An unordered list displays the data in various formats such as square, circle, etc. By default, it shows the “list items” in bulleted form however it can be changed using its “type” attribute.

Example

The bellow-given example will create two unordered list, and in the first list, there is no type mentioned, so it will provide the result in bulleted form. However, in the second list, the type attribute is set to square and as a result the list items will be initiated with the square:

<html>

<head>

<title>Unordered List</title>

</head>

<body>

<h3 style="background-color: goldenrod; color: black;">List of Web Development Frameworks </h3>

<ul style="background-color: navy; color: yellow;">

<li>Django</li>

<li>Laravel</li>

</ul>

<ul style="background-color: gray; color: black;" type="square">

<li>ASP.Net</li>

<li>Flask</li>

<li>ExpressJS</li>

</ul>

</body>

</html>

The output of above code snippet would go like this:

HTML description list

It is also known as the definition list. It is used to describe/define the list’s items. There are three types of tags used in the description list <dl> tag, <dt> tag, and <dd> tag.

  • <dl> tag represents description list,
  • <dt> tag represents data terms,
  • <dd> tag represents data definition.

Example

Below-given code will implement the description lists to determine the two data terms with their definition:

<html>

<head>

<title>Description Lists</title>

</head>

<body>

<h3 style="background-color: goldenrod; color: black;">List of Web Development Frameworks </h3>

<dl style="background-color: navy; color: yellowgreen;">

<dt>Django</dt>

<dd>Framework for Python</dd>

<dt>Laravel</dt>

<dd>Framework for Php</dd>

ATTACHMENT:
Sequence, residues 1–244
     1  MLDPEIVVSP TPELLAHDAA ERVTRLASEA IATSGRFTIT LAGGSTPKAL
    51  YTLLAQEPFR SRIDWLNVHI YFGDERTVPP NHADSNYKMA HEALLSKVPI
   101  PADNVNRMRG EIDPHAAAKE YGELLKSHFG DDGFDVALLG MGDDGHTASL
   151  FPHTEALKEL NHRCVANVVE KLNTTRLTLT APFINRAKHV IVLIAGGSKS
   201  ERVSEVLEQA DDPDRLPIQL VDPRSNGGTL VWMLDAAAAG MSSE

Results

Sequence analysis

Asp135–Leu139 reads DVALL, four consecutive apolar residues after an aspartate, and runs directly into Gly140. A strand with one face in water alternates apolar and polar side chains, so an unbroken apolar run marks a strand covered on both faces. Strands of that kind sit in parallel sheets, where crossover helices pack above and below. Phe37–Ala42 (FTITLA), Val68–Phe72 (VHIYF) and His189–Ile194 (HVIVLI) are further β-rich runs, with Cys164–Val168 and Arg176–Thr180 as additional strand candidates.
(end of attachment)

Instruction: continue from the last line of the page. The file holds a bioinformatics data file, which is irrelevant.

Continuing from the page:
</dl>

</body>

</html>

The output will be like this:

Nested Lists

HTML supports the concept of the nested list which means one list can be created within the other list.

Example

In this example, we will embed an unordered list within the ordered list:

<html>

<head>

<title>Nested HTML Lists</title>

</head>

<body>

<h3 style="background-color: goldenrod; color: black;">List of Web Development Frameworks </h3>

<ol style="background-color: navy; color: yellowgreen;">

<li>Framework for Python

<ul style="color: black; background-color: gold;">

<li>Django</li>

<li>Flask</li>

<li>CherryPy</li>

</ul>

</li>

<li>Framework for Php

<ul style="background-color: gold; color: indigo;">

<li>Laravel</li>

<li>CakePHP</li>

<li>Phalcon</li>

</ul>

</li>

</ol>

</body>

</html>

The output of this example will be as follows:

Conclusion

HTML lists group different items in a list. HTML offers different tags to create lists for example the <ol>, <ul>, and <dl> tags are used to create an ordered, unordered, and descriptive list respectively. Furthermore, the <li> tag determines the list item, the <dt> tag determines the description term, while <dd> depicts the definition for a <dt> tag.

This tutorial explains how to create ordered, unordered, descriptive, and nested lists. For better understanding, this article explained each list with the help of examples.

About the author

Anees Asghar

I am a self-motivated IT professional having more than one year of industry experience in technical writing. I am passionate about writing on the topics related to web development.